Pottersfield Press returns its Creative Nonfiction Prize for a Fourth Year
One small Atlantic Canadian publisher has had a large impact on the East Coast’s literary scene.
Pottersfield Press—a publishing house based out of Lawrencetown, Nova Scotia—established the Pottersfield Prize for Creative Nonfiction in 2017, hoping to attract a variety of manuscripts from writers across the country.
“While our strength has always been as a regional publisher, we have worked hard to establish a national presence,” says Lesley Choyce, the publishing house’s founder.
The prize welcomes manuscripts from several genres, including history, memoir, autobiography, biography, literary journalism, political or social commentary and travel writing. It is also a perfect opportunity for first-time writers.
“The prize attracts many first-time authors and several of the winners have been just that,” Choyce says. “I think the beauty of the mantle ‘creative nonfiction’ is that we can draw on such a wide range of voices and subjects.
“We provide both a first and second prize, but we have also published books submitted that were not winners,” he continues. “For the authors who win, I believe this is a big step forward in their writing career.”
Past prize winners include Lesley Buxton for her powerful memoir One Strong Girl (2018)—winner of the first-place prize in the inaugural year—Suzanne Stewart for The Tide of Times: A Nova Scotia Book of Seasons (2018), Jennifer M Smith for Green Ghost, Blue Ocean: No Fixed Address (2019) and Odette Barr for Teaching at the Top of the World (2019), among others.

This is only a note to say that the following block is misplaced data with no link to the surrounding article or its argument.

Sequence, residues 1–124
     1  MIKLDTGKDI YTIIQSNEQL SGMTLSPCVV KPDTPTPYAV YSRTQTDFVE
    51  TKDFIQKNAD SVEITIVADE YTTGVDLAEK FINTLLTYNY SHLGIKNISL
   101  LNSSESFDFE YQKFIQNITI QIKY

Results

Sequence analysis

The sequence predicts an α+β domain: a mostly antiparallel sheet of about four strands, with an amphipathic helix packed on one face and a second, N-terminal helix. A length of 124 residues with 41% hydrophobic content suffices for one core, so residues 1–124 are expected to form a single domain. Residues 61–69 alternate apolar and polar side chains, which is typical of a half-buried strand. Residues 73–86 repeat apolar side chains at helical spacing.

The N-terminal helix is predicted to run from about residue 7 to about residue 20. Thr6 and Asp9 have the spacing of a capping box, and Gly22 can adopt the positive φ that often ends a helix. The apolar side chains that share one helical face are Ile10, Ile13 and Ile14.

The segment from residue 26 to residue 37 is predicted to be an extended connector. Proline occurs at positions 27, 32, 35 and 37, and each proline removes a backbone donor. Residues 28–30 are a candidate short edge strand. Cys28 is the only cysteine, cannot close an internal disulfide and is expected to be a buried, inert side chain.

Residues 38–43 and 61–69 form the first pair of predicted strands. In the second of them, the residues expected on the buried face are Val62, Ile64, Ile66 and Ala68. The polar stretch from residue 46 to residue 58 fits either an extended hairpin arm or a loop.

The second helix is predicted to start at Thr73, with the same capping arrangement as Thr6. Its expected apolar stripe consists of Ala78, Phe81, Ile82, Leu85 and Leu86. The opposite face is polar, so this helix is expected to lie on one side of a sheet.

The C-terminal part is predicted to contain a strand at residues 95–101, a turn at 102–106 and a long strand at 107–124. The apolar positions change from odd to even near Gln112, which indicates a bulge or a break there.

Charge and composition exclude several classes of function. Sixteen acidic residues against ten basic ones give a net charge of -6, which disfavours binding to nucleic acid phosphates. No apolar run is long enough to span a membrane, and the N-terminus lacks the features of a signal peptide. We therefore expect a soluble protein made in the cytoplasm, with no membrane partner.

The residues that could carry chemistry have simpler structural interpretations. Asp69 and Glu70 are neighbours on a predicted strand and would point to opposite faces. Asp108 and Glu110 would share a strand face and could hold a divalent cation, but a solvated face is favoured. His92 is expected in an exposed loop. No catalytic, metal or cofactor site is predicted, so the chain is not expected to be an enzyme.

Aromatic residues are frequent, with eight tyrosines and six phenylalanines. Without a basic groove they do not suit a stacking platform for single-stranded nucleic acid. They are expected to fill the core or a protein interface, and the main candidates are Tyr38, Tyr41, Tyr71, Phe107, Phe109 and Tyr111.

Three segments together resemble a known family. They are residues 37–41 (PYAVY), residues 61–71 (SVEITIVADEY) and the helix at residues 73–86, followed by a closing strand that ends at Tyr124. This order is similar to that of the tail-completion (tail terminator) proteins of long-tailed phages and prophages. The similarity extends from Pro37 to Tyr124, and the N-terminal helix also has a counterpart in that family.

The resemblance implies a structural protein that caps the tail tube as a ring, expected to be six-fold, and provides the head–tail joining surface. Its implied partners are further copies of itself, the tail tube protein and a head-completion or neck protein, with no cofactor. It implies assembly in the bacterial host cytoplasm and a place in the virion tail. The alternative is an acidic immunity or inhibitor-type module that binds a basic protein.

Choyce says the prize has steadily grown in popularity over the years.
“[We now have] the support of provincial writing associations across Canada as well as many grassroots local writing groups who have been some of our biggest supporters,” Choyce says. “We’ve improved our national profile as a publisher both for our winners but also for many of our regional writers.”
Winners of the fourth annual prize were announced last week. Jules Torti took the first place prize for her memoir Been There, Ate That: A Candy Coated Childhood and Beth Ann Knowles took second place for her memoir The Kimchi Experiment.
“Been There, Ate That: A Candy Coated Childhood by Jules Torti [is] a memoir about ‘edible memories that will transport readers back to a time and place that no longer exists but lingers dormant in our taste buds,’” says Choyce. “The Kimchi Experiment…is ‘a humorous and charming story of adventure of miscommunication, discovery, frustration and growth for two Canadian newlyweds as they spend a year teaching in rural South Korea.’
“Both books this year have unique stylistic voices as well as a strong and quintessentially Canadian sense of humour.”
All winners of the prize receive 10% royalty on the retail price of books sold, as well as an advance for both the winner ($1500) and the second-place prize ($1000). Choyce says Pottersfield Press is already preparing for the fifth annual prize, which is set to take place in the spring of 2022.